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Stardust Mass Market Paperback – September 27, 2016
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"Enlightenment Now: The Case for Reason, Science, Humanism, and Progress"
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“Beautiful, memorable . . . A book full of marvels.” (Milwaukee Journal Sentinel)
“A twisting, wondrous tale full of magic that only Neil Gaiman could have written.” (Chicago Tribune)
“Strange...marvelous...Stardust takes us back to a time when the world was more magical, and, real or not, that world is a charming place.” (Philadelphia Inquirer)
“The multitalented author of The Sandman graphic novels and last year’s Neverwhere charms again, with a deftly written fantasy adventure tale set in Victorian England and enriched by familiar folk materials.” (Kirkus Reviews (starred))
“A wonderful novel . . . A pleasure to read.” (Denver Post)
“Thrilling . . . Stardust reads like a mix between L. Frank Baum, the Brothers Grimm, and a Tim Burton movie script.” (Dallas Morning News)
“Sparkling, fresh, and charming. Superb.” (Booklist)
“Marvelous adventures . . . magical and fun.” (Cleveland Plain Dealer)
“A charming comic romance.” (Dayton Daily News)
“Eminently readable---a charming piece of work.” (Washington Post Book World)
From the Back Cover
You have to believe. Otherwise, it will never happen.
Tristran Thorn promises to bring back a fallen star for his beloved, the hauntingly beautiful Victoria Forester--and crosses the wall that divides his English country town from another, more dangerous world of lords and witches, all of them in search of the star. Rich with adventure and magic, Stardust is one of master storyteller Neil Gaiman's most beloved tales.
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Top customer reviews
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Every reviewer has a favorite in the book. Some like "Snow, Glass, Apples"; some like "The Goldfish Pool..." or "Troll Bridge". I'm partial to "Chivalry". But there is a lot of fill here. Many of the best stories have appeared elsewhere. Also an overlong introduction and a rather indulgent piece that reads like a collection of blog entries on each story tend to dampen one's enthusiasm.
For what it's worth, some of the best stories, ("Troll Bridge", "Chivalry", etc.), were reprinted ten years after this book was released in the collection titled "M is For Magic". That book, also available on Amazon, has a much better selection than this one does, so if you can only swing one Gaiman short story collection, you might want to consider that.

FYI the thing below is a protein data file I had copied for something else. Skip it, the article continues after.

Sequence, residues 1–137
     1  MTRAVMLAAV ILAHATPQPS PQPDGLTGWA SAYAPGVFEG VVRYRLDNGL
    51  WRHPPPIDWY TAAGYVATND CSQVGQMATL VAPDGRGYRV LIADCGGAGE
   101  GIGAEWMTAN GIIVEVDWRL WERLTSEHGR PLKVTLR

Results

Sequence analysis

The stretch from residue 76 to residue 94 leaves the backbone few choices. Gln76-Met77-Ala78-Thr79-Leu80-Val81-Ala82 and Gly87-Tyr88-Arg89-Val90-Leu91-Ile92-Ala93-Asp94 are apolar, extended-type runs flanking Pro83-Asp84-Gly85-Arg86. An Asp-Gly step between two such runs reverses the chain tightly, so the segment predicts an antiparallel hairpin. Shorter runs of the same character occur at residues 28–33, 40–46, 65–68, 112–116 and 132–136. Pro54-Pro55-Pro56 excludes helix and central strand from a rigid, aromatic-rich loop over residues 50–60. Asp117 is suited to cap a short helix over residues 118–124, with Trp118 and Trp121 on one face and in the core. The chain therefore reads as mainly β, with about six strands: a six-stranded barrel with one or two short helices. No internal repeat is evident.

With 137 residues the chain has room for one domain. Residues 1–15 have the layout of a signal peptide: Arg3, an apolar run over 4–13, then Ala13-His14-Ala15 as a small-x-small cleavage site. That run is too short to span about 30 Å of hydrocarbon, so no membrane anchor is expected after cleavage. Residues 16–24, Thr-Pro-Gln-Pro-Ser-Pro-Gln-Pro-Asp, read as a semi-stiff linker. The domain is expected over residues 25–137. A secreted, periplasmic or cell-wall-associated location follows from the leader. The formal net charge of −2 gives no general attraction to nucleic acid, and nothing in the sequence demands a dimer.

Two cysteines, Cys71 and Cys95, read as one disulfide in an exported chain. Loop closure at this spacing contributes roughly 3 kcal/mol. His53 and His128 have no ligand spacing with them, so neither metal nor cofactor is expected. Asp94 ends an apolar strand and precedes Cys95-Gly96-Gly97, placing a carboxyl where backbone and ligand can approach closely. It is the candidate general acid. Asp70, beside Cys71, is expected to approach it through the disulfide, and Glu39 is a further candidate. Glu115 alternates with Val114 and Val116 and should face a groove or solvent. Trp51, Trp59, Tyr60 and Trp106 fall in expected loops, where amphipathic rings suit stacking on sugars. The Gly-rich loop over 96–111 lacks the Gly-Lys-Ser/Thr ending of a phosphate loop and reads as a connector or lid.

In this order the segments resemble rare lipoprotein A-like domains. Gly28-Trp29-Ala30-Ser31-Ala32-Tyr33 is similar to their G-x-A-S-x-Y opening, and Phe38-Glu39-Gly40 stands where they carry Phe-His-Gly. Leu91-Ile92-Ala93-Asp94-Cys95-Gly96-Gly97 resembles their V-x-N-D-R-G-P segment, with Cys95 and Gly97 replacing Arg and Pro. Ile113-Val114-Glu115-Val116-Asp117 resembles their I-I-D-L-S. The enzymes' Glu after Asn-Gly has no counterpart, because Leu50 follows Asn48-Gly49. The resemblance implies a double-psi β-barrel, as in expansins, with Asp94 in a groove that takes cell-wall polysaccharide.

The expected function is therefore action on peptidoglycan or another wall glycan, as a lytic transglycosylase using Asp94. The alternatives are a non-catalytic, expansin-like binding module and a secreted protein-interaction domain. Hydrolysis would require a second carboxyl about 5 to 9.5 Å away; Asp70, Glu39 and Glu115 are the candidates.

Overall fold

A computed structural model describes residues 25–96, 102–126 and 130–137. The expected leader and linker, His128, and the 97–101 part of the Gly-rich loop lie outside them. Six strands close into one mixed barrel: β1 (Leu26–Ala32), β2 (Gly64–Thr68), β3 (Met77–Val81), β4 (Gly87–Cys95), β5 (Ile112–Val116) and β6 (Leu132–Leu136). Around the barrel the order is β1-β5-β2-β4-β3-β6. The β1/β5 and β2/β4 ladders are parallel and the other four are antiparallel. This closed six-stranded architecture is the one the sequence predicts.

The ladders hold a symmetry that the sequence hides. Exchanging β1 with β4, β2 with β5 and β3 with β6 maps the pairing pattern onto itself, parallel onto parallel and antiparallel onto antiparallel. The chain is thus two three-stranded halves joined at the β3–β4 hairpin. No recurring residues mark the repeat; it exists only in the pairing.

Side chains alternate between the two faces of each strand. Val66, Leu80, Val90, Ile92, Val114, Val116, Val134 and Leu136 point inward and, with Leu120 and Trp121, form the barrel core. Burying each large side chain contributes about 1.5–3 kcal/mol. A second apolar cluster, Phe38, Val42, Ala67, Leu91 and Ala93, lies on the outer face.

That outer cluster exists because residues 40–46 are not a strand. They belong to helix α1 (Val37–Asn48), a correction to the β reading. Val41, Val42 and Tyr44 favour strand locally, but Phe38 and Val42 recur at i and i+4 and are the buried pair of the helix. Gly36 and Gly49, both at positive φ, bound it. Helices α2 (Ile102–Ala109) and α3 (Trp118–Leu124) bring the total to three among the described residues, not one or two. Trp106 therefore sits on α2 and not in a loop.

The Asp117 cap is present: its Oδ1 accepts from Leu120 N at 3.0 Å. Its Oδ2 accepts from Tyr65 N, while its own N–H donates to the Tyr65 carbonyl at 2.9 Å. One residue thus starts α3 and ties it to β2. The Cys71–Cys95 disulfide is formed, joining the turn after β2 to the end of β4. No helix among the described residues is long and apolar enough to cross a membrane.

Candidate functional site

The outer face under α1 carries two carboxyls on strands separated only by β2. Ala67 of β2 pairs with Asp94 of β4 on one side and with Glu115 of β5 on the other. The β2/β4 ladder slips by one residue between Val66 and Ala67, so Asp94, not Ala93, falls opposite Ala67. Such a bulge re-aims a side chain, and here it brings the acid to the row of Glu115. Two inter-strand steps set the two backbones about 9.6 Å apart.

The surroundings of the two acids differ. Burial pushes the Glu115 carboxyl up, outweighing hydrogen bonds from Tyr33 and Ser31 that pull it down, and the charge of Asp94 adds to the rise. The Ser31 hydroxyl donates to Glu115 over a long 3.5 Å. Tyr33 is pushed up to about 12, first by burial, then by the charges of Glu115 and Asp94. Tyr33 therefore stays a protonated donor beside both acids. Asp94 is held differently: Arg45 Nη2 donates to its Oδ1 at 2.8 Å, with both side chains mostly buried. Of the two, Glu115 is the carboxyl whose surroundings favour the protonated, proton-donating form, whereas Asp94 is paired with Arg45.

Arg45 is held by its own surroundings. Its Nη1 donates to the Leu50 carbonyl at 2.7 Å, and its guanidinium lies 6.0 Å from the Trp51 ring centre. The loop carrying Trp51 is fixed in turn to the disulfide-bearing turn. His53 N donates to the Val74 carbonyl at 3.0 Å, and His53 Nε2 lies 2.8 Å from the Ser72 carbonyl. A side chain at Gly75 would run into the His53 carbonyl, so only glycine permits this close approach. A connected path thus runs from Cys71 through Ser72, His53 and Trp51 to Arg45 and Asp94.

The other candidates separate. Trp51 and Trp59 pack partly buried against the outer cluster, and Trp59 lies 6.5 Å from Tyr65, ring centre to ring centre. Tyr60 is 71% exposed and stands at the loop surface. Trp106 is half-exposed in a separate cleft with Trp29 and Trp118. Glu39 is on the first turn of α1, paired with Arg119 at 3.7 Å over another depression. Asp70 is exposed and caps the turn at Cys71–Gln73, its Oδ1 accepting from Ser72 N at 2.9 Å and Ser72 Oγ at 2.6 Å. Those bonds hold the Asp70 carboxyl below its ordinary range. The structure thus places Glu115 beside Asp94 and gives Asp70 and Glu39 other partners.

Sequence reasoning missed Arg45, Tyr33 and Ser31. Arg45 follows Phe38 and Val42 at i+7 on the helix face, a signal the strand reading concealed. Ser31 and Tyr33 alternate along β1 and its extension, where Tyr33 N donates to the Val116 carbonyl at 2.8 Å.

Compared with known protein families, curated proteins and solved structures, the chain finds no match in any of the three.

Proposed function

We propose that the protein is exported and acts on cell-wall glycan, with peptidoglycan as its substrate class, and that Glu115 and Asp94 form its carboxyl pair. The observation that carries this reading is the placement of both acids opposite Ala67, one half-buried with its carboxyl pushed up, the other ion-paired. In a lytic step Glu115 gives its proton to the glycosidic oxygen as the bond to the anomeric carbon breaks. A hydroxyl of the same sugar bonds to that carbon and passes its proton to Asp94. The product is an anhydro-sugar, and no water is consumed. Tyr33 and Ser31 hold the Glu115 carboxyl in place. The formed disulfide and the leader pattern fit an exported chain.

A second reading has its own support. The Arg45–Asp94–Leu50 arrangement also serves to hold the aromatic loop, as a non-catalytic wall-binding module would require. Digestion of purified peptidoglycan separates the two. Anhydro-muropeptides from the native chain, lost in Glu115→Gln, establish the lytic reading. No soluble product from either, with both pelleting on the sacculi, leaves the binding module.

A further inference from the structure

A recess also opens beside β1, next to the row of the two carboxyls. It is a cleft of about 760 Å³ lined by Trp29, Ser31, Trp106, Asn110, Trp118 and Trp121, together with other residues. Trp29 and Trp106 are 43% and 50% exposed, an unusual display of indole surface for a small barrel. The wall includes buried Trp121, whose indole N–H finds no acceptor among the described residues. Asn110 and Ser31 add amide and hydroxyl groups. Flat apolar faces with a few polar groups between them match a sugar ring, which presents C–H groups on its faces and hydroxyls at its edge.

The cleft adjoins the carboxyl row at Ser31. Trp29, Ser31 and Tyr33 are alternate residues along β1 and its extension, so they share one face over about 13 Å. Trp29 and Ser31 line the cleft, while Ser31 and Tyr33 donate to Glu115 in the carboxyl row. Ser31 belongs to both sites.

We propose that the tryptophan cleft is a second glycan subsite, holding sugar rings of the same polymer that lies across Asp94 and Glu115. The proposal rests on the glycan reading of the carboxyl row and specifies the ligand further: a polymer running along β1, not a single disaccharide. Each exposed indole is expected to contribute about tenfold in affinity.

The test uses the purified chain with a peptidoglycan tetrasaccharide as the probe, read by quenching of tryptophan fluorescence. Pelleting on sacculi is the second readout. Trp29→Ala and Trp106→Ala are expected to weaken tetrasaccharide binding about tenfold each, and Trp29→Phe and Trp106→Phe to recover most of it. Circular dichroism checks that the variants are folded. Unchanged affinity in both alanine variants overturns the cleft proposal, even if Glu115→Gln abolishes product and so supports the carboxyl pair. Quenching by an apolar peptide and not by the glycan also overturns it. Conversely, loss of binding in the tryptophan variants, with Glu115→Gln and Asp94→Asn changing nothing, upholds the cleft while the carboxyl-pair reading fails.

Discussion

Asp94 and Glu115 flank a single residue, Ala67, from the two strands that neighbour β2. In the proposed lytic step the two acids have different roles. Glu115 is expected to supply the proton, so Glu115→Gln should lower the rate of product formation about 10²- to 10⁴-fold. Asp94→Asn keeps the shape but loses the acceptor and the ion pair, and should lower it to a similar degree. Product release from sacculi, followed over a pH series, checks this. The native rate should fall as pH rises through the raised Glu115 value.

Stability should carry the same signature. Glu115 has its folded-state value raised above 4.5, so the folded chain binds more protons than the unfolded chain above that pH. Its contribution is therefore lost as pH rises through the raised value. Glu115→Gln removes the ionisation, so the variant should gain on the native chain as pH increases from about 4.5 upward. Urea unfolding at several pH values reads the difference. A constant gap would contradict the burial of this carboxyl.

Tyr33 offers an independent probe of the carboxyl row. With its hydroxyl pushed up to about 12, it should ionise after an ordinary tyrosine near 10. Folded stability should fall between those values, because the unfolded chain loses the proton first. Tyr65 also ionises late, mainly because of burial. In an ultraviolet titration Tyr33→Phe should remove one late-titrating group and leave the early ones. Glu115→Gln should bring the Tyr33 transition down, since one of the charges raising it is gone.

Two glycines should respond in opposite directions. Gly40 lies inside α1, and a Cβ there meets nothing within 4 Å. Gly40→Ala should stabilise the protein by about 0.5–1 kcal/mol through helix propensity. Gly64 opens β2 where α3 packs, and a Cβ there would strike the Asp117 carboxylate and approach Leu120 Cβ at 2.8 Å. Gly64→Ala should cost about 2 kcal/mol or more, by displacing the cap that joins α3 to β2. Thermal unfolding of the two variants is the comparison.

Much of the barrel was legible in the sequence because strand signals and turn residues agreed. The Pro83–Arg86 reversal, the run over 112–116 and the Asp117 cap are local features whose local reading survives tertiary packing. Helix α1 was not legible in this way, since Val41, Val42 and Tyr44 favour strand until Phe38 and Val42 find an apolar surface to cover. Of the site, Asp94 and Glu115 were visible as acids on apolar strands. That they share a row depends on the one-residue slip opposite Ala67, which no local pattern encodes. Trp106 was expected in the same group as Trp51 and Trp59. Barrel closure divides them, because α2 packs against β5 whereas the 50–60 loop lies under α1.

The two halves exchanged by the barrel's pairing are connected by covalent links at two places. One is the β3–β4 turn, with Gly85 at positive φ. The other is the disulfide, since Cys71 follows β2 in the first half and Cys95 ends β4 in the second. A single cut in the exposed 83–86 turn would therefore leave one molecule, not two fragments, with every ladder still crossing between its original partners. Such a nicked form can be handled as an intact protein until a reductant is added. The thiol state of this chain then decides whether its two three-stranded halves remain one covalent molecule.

The missing stars are not for the content.
(Kindle version) On many stories the formatting is horrible. (I've checked on different devices including an official Kindle in portrait mode with only one column with default typeface) the effect is like what you get when you copy an e-mail to a word processing document and end up with a bunch of bizarre returns in the middle of sentences. It makes Mr. Gaiman's sometimes interesting sentence construction close to completely incomprehensible and only a little better after I figured out what was going on. Unless you're reading a free book, OCR scanned from multiple sources and never edited, I don't think there is any excuse for really bad formatting these days.
Dont get me wrong I LOVED the characters and the story line. I couldn't put the book down, finished it in 5 days.
Dunstan Thorn meets a beautiful, enslaved woman at the fair and nine months later a baby is delivered to his doorstep.
Dunstan's son, Tristran, grows up not knowing his heritage. When he falls in love, he rashly promises his beloved that he will do anything for her. Not really taking him seriously, she asks him to bring her back a falling star.
Tristran sets off into the land of faerie in search of the fallen star, only to discover that the star is a sharp-tongued young girl. Their journey exposes them to great danger from a witch and the surviving Stormhelm brothers, who all are willing to harm the star for their own benefit. Along the way, Tristran's good heart leads to help which comes from unexpected places.
The writing is witty and lyrical. A couple of sex scenes make this more appropriate for mature readers.
The audio version is especially delightful as Neil Gaiman reads it himself.